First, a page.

Chapter 2 Known Issues

This chapter describes the known issues for the Unbreakable Enterprise Kernel Release 3.


Oracle ASM Cluster File System (ACFS) is currently not supported for use with UEK R3. (Bug ID 16318126)


  • On some systems you might see ACPI-related error messages in dmesg similar to the following:

    ACPI Error: [CDW1] Namespace lookup failure, AE_NOT_FOUND
    ACPI Error: Method parse/execution failed [_SB_._OSC||\||]
    ACPI Error: Field [CDW3] at 96 exceeds Buffer [NULL] size 64 (bits)]]>

    These messages, which are not fatal, are caused by bugs in the BIOS. Contact your system vendor for a BIOS update. (Bug ID 13100702)

  • The following messages indicate that the BIOS does not present a suitable interface, such as _PSS or _PPC, that the acpi-cpufreq module requires:

    kernel: powernow-k8: this CPU is not supported anymore, using acpi-cpufreq instead.
    modprobe: FATAL: Error inserting acpi_cpufreq 

    There is no known workaround for this error. (Bug ID 17034535)


Calling the oracleasm init script, /etc/init.d/oracleasm, with the parameter scandisks can lead to error messages about missing devices similar to the following:

oracleasm-read-label: Unable to open device "device": No such file or directory

However, the device actually exists. You can ignore this error message, which is triggered by a timing issue. Only use the init script to start and stop the oracleasm service. All other options, such as scandisks, listdisk, and createdisk, are deprecated. For these and other administrative tasks, use /usr/sbin/oracleasm instead. (Bug ID 13639337)

bnx2x driver

When using the bnx2x driver in a bridge, disable Transparent Packet Aggregation (TPA) by including the statement options bnx2x disable_tpa=1 in /etc/modprobe.conf. (Bug ID 14626070)


  • If you use the --alloc-start option with mkfs.btrfs to specify an offset for the start of the file system, the size of the file system should be smaller but this is not the case. It is also possible to specify an offset that is higher than the device size. (Bug ID 16946255)

  • The usage information for mkfs.btrfs reports raid5 and raid6 as possible profiles for both data and metadata. However, the kernel does not support these features and cannot mount file systems that use them. (Bug ID 16946303)

  • The btrfs filesystem balance command does not warn that the RAID level can be changed under certain circumstances, and does not provide the choice of cancelling the operation. (Bug ID 16472824)

  • Converting an existing ext2, ext3, or ext4 root file system to btrfs does not carry over the associated security contexts that are stored as part of a file's extended attributes. With SELinux enabled and set to enforcing mode, you might experience many permission denied errors after reboot, and the system might be unbootable. To avoid this problem, enforce automatic file system relabeling to run at bootup time. To trigger automatic relabeling, create an empty file named .autorelabel (for example, by using touch) in the file system's root directory before rebooting the system after the initial conversion. The presence of this file instruct SELinux to recreate the security attributes for all files on the file system. If you forget to do this and rebooting fails, either temporarily disable SELinux completely by adding selinux=0 to the kernel boot parameters, or disable enforcing of the SELinux policy by adding enforcing=0. (Bug ID 13806043)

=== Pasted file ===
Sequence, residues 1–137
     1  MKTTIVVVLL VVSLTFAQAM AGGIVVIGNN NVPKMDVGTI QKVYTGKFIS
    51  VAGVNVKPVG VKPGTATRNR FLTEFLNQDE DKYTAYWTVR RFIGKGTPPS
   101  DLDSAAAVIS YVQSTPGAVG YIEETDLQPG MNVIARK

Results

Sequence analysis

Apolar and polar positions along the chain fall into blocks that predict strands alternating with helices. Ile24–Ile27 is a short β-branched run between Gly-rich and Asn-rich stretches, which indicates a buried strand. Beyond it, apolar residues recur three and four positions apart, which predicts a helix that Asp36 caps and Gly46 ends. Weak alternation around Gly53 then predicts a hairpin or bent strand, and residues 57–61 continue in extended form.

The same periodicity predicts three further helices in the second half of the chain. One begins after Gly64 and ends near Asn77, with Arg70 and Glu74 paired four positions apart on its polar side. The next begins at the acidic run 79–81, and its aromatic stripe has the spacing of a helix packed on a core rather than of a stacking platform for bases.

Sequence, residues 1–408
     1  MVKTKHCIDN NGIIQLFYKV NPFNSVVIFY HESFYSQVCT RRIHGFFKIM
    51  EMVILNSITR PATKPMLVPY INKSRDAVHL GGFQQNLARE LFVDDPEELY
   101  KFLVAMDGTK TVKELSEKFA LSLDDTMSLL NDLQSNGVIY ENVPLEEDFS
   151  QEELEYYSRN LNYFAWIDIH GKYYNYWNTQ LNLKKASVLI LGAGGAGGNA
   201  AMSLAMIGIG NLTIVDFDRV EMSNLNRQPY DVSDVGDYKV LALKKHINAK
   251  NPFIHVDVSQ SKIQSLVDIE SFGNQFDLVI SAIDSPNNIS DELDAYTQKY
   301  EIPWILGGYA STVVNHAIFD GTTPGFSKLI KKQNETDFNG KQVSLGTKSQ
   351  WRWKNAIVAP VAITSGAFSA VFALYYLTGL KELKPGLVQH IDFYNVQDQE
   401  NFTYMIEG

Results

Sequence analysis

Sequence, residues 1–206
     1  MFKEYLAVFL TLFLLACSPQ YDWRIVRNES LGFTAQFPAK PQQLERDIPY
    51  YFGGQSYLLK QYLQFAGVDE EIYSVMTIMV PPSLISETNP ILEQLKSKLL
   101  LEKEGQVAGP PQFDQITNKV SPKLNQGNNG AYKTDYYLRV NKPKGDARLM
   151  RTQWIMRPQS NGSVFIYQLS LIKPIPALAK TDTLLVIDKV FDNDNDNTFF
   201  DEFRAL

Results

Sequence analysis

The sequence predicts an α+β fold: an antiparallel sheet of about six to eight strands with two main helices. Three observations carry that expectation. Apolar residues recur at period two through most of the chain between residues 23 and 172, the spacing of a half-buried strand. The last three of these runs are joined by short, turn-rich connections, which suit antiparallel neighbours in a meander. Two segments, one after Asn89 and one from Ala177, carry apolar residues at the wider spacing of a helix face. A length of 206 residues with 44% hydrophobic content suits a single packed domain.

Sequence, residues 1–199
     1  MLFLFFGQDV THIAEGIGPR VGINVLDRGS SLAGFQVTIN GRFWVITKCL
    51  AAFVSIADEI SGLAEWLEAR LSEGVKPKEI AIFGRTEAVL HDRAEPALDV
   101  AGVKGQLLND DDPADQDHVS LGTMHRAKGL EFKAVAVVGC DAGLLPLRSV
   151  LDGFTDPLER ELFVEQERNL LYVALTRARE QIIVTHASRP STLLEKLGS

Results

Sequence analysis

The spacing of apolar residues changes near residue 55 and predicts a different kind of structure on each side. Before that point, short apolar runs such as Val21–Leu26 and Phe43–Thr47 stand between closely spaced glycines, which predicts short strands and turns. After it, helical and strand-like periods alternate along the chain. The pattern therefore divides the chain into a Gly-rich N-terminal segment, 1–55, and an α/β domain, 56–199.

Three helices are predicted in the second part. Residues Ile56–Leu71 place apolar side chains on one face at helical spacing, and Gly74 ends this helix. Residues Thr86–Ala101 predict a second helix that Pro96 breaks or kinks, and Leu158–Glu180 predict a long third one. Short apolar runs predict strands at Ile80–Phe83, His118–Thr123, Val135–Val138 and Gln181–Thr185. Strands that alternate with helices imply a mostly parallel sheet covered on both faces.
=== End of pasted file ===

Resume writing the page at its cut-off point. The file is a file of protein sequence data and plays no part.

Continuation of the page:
• Commands such as du can show inconsistent results for file sizes in a btrfs file system when the number of bytes that is under delayed allocation is changing. (Bug ID 13096268)

  • The copy-on-write nature of btrfs means that every operation on the file system initially requires disk space. It is possible that you cannot execute any operation on a disk that has no space left; even removing a file might not be possible. The workaround is to run sync before retrying the operation. If this does not help, remount the file system with the -o nodatacow option and delete some files to free up space. See

  • Btrfs has a limit of 237 or fewer hard links to a file from a single directory. The exact limit depends on the number of characters in the file name. The limit is 237 for a file with up to eight characters in its file name; the limit is lower for longer file names. Attempting to create more than this number of links results in the error Too many links. You can create more hard links to the same file from another directory. Although the limitation of the number of hard links in a single directory has been increased to 65535, the version of mkfs.btrfs that is provided in the btrfs-progs package does not yet support the compatibility flag for this feature. (Bug ID 16278563)

  • The -c option to the btrfs qgroup limit command is redundant as the quota limit is always enforced after compression. (Bug ID 16557528)

  • If you run the btrfs quota enable command on a non-empty file system, any existing files do not count toward space usage. Removing these files can cause usage reports to display negative numbers and the file system to be inaccessible. The workaround is to enable quotas immediately after creating the file system. If you have already written data to the file system, it is too late to enable quotas. (Bug ID 16569350)

  • The btrfs quota rescan command is not currently implemented. The command does not perform a rescan and returns without displaying any message. (Bug ID 16569350)

  • When you overwrite data in a file, starting somewhere in the middle of the file, the overwritten space is counted twice in the space usage numbers that btrfs qgroup show displays. (Bug ID 16609467)

  • If you run btrfsck --init-csum-tree on a file system and then run a simple btrfsck on the same file system, the command displays a Backref mismatch error that was not previously present. (Bug ID 16972799)

  • Btrfs tracks the devices on which you create btrfs file systems. If you subsequently reuse these devices in a file system other than btrfs, you might see error messages such as the following when performing a device scan or creating a RAID-1 file system, for example:

    ERROR: device scan failed '/dev/cciss/c0d0p1' - Invalid argument

    You can safely ignore these errors. (Bug ID 17087097)

  • If you use the -s option to specify a sector size to mkfs.btrfs that is different from the page size, the created file system cannot be mounted. By default, the sector size is set to be the same as the page size. (Bug ID 17087232)